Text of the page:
Thursday: Acts 23:17-21
vs17-18: Paul asked one of the centurions to come near so he could speak to him. He told him, “Lead this young man to the commander because he has something to report to him.” The centurion did as Paul asked. He took him to the commander and said, “Paul, the prisoner, called me to him and asked me to bring this young man to you because he has something to tell you.” vs19-21: The commander took him by the hand and led him back to a place where they could talk privately. Then he asked him, “What is it you have to report to me?” and the young man said, “The Jews have agreed together to ask you to bring Paul down to the Council tomorrow morning, as if they were going to investigate something about him more thoroughly. So, don’t be persuaded by them because more than forty of them are waiting to ambush him, men who have cursed themselves (by swearing) that they would neither eat nor drink until they kill him. And they are ready now, waiting for the order from you.”

Friday: Acts 23:22-24
vs22-24: The commander responded by dismissing the young man after ordering him to “tell no one that you reported these things to me.” Then he selected two centurions whom he trusted to perform this task, and ordered them to “prepare two hundred soldiers, seventy horsemen, and two hundred spearmen to go as far as Caesarea (70 miles).” He told them they would leave Jerusalem about nine o’clock in the evening and were to have “beasts standing by,” meaning there were to be horses or mules saddled and ready for Paul and the soldier to whom he was chained. The plan was to bring Paul out at the last minute, put him on one of the mounts, and then leave immediately so no one would know he had been transported out of the city until it was too late. They wanted to move him secretly, at night, so he would be miles away and surrounded by a large armed force before any attack could be arranged. The commander was rescuing Paul by sending him to the Roman governor in Caesarea.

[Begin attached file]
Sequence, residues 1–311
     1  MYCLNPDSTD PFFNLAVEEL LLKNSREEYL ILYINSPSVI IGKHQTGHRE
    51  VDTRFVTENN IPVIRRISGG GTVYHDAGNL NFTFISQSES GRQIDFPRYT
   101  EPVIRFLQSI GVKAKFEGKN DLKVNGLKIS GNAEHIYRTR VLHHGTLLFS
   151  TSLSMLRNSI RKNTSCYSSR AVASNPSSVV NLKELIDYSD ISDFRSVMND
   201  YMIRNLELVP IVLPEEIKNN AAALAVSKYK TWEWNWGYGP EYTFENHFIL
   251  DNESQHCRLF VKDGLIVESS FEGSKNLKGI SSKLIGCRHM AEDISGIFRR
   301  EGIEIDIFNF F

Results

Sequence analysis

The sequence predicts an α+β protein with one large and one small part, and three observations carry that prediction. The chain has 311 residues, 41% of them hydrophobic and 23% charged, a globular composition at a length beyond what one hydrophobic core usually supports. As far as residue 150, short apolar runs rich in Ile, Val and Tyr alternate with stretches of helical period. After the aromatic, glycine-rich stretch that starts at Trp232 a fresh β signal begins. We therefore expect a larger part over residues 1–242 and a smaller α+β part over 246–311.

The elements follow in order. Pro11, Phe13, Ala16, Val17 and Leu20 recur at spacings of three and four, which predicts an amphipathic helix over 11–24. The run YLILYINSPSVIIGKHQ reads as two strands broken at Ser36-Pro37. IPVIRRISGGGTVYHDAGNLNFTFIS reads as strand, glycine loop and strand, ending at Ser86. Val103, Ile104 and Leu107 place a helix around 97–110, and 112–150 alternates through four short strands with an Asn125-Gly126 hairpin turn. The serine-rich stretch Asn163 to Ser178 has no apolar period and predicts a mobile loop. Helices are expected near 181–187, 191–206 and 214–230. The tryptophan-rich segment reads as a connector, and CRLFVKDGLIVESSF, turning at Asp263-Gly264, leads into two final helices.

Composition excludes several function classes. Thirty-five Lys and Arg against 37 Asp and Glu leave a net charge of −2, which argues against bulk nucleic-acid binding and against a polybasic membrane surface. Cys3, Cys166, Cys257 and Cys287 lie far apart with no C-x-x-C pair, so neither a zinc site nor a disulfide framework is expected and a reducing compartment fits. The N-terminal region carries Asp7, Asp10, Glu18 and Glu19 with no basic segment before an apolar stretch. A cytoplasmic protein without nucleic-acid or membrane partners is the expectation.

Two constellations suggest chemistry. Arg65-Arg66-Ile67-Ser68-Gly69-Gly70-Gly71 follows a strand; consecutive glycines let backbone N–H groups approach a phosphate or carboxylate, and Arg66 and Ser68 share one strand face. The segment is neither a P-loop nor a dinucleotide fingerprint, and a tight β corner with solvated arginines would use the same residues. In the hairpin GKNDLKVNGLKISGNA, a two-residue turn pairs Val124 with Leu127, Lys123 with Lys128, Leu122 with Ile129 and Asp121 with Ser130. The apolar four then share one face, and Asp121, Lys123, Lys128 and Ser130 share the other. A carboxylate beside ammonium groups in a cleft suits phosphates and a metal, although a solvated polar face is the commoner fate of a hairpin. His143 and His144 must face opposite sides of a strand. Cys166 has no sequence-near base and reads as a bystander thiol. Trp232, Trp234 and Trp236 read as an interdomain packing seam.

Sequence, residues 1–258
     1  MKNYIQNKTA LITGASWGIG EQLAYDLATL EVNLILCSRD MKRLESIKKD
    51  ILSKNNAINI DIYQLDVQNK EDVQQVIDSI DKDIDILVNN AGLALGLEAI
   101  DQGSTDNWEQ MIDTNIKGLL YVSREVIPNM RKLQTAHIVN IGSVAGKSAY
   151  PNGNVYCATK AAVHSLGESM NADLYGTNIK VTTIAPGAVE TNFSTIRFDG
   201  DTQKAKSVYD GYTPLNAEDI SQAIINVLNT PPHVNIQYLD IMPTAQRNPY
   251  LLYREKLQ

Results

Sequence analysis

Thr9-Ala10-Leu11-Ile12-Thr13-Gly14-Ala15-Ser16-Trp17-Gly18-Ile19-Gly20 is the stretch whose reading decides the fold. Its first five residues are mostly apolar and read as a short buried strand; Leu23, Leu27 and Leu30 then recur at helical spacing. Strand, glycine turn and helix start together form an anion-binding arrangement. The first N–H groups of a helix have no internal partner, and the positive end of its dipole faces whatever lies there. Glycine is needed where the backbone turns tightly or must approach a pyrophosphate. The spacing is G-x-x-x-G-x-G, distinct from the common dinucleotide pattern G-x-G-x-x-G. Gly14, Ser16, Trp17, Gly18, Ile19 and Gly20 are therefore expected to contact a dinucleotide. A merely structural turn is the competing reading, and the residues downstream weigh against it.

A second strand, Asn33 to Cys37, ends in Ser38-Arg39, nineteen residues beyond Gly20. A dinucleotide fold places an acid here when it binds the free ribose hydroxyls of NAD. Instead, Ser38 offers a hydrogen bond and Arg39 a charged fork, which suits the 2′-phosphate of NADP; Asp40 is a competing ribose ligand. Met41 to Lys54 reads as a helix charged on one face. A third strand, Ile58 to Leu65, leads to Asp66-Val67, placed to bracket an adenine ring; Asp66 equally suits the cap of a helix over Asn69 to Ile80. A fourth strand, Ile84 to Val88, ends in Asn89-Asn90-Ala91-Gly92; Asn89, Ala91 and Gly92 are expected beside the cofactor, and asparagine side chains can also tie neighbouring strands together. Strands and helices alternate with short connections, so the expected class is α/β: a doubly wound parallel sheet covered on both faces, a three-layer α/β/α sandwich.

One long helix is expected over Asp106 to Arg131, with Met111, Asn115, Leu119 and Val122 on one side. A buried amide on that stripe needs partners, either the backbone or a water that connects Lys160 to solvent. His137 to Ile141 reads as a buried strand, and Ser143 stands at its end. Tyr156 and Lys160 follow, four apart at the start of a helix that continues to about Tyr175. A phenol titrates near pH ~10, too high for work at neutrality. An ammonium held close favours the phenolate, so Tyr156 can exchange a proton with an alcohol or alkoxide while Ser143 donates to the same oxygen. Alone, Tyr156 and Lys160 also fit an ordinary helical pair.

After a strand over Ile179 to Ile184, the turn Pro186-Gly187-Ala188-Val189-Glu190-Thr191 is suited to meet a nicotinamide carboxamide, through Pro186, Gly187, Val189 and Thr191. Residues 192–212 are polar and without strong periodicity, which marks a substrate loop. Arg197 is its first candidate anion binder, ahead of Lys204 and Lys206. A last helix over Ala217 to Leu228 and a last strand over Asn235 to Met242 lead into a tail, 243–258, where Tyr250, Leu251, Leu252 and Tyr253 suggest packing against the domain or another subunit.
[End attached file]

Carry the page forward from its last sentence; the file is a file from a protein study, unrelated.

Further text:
Saturday: Acts 23:24
v24 (continued): At that time the governor of Judea was a man named Marcus Antonius Felix, who had been installed in that office in A.D. 52. He was a brutal and greedy man whom the Roman historian Tacitus described this way, “With savagery and lust he exercised the powers of a king with the disposition of a slave” (Tac., Hist. v.9). During his stay there he married Drusilla, a daughter of Herod Agrippa I (E.M.B. Green, The New Bible Dictionary, J.D. Douglas, ed., Eerdmans, 1971, p.421). Finally, in either A.D. 59 or 60, the emperor Nero recalled him to Rome. That helps us put a date on these events. Since Luke tells us Felix imprisoned Paul for two years, and then we observe Felix being replaced by Festus (Ac 24:27), we can be reasonably sure that Paul’s night time journey to Caesarea took place in either A.D. 57 or 58.